ikebana and life in japan

a blog about ikebana and life in japan


The Big and Small of Ikebana

I was planning on getting this post up earlier in the day, but it was a beautiful day here -- the first real day of spring this year. It had been cold and rainy all last week. But this morning when I woke up, the sky was a brilliant blue without a cloud in the sky. I had to go out in the morning, and I was surprised to see the cherry blossom trees in full bloom! I guess they thought it was time for spring to show herself, too. I had the windows and door open all day, and it was wonderful! I hope that I can get out tomorrow and get some pictures to share with you later.

On to the ikebana . . .

This time, I wanted to share some pictures of Moribana.

Moribana was originated by the First Headmaster, Unshin Ohara. It's an ikebana where the materials are arranged as if they are piled up in a low, flat container with a large surface of the water showing. Many other schools of ikebana also have a Moribana style, but it was originated in the Ohara School of Ikebana.

The most basic style in Moribana is the Upright Style. It expresses the beauty of materials that stand upright. The three principal stems are arranged to form a scalene triangle with all other materials acting as filler stems.

Five stems of Calla lily are used as the subject and secondary material. The tallest stem in the back is the main stem of the arrangement, the subject, with the stem angled out to the left being the secondary stem. These two form the first two points of the scalene triangle. The other three stems of Calla lily are arranged to give the group a sense of movement and interest.

Because the lilies have no green leaves, three stems of Solidaster are used to fill in the base of the group and to help cover the kenzan.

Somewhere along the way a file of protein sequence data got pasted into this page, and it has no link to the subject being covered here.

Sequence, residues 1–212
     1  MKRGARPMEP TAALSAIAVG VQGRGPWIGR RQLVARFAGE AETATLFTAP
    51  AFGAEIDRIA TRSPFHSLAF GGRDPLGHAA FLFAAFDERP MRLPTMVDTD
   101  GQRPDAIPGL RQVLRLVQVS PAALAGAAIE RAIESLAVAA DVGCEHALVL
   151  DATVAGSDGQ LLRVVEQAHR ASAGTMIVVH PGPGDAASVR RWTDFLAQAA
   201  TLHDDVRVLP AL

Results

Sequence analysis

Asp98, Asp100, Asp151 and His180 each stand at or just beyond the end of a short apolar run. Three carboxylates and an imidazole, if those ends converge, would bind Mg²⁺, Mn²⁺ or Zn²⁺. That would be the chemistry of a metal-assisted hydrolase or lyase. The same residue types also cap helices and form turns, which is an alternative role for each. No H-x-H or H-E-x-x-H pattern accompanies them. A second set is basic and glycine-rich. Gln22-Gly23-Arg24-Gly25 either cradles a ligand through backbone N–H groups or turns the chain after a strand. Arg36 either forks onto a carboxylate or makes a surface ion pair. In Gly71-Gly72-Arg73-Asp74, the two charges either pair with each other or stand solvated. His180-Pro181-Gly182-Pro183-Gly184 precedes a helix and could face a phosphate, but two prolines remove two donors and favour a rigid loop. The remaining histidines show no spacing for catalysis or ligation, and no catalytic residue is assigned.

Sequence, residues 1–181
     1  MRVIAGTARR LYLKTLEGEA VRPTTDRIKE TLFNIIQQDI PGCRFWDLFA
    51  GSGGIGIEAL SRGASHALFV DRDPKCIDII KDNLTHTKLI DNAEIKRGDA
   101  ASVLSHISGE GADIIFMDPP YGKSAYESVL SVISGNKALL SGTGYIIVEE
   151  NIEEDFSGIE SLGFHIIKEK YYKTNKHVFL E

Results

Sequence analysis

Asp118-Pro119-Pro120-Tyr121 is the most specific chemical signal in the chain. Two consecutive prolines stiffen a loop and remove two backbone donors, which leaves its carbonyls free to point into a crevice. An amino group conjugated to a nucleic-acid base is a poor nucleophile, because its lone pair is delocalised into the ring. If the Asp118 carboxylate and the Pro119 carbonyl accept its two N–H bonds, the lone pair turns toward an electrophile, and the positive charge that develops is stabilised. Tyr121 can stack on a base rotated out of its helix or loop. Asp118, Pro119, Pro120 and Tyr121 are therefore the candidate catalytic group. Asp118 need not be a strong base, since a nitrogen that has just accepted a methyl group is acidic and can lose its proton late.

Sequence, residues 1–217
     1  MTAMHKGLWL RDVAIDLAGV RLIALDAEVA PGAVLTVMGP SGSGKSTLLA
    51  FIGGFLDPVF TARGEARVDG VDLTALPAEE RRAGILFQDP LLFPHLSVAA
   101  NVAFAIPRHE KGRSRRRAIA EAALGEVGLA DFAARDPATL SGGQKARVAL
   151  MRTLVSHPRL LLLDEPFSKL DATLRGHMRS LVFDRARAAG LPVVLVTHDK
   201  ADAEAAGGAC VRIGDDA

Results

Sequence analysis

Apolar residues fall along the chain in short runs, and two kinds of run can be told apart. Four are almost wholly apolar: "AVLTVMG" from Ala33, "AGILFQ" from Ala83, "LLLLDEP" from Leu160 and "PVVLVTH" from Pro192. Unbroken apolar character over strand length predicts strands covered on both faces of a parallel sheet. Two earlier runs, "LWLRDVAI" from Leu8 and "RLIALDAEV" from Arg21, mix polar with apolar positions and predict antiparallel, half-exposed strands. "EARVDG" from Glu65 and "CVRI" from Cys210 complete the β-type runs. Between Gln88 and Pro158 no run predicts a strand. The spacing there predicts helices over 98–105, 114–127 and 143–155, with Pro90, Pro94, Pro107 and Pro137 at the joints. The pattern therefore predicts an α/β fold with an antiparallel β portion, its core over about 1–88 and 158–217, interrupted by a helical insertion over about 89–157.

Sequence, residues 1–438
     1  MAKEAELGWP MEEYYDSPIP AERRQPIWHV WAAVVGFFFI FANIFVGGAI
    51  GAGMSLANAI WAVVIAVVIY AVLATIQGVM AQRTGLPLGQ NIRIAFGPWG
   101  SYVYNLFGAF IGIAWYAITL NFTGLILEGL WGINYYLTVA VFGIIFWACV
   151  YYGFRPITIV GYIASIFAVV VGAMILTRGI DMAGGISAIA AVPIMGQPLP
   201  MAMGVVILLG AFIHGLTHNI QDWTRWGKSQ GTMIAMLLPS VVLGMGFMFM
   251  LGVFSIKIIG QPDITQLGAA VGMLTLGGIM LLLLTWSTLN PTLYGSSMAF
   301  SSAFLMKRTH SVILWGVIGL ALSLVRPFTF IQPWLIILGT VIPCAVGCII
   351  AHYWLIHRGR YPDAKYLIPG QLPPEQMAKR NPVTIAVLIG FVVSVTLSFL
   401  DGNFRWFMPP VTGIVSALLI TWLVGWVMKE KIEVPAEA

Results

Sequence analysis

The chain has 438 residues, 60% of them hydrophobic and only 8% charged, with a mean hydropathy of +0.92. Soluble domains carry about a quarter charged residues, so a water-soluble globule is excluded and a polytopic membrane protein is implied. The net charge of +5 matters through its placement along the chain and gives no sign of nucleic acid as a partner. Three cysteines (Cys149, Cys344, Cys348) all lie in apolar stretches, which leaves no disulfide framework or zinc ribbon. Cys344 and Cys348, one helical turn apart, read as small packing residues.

Next, three Tulips are added as the mid-filler. One is short in the front, one is tall in the middle, and one more is short in the back. The three stems form a mountain shape when viewed from the side.

Last, five stems of Sweet Pea are used as the object group with a few fronds of Leather Leaf mixed into the group. The Sweet Pea angled out to the right is the third stem that forms the last point of the scalene triangle.

This picture taken vertically helps to show off the beautiful lines of the Calla lily and the beauty of the Upright Style.

After doing this arrangement, I did one in a much smaller container, also using five materials.

Three leaves of New Zealand Flax, three stems of Anemone, three blooms of Alstroemeria, three stems of Stock, and Asparagus myriocladus is used throughout to connect all the materials.

A close-up of the flowers.

And how small is this arrangement? It's hard to tell without a point of reference.

This small. Yes, that is a regular pen in front of the container -- small.

And there you have it.

The big and small of ikebana.


Flower & Space, Hiroki Ohara Exhibition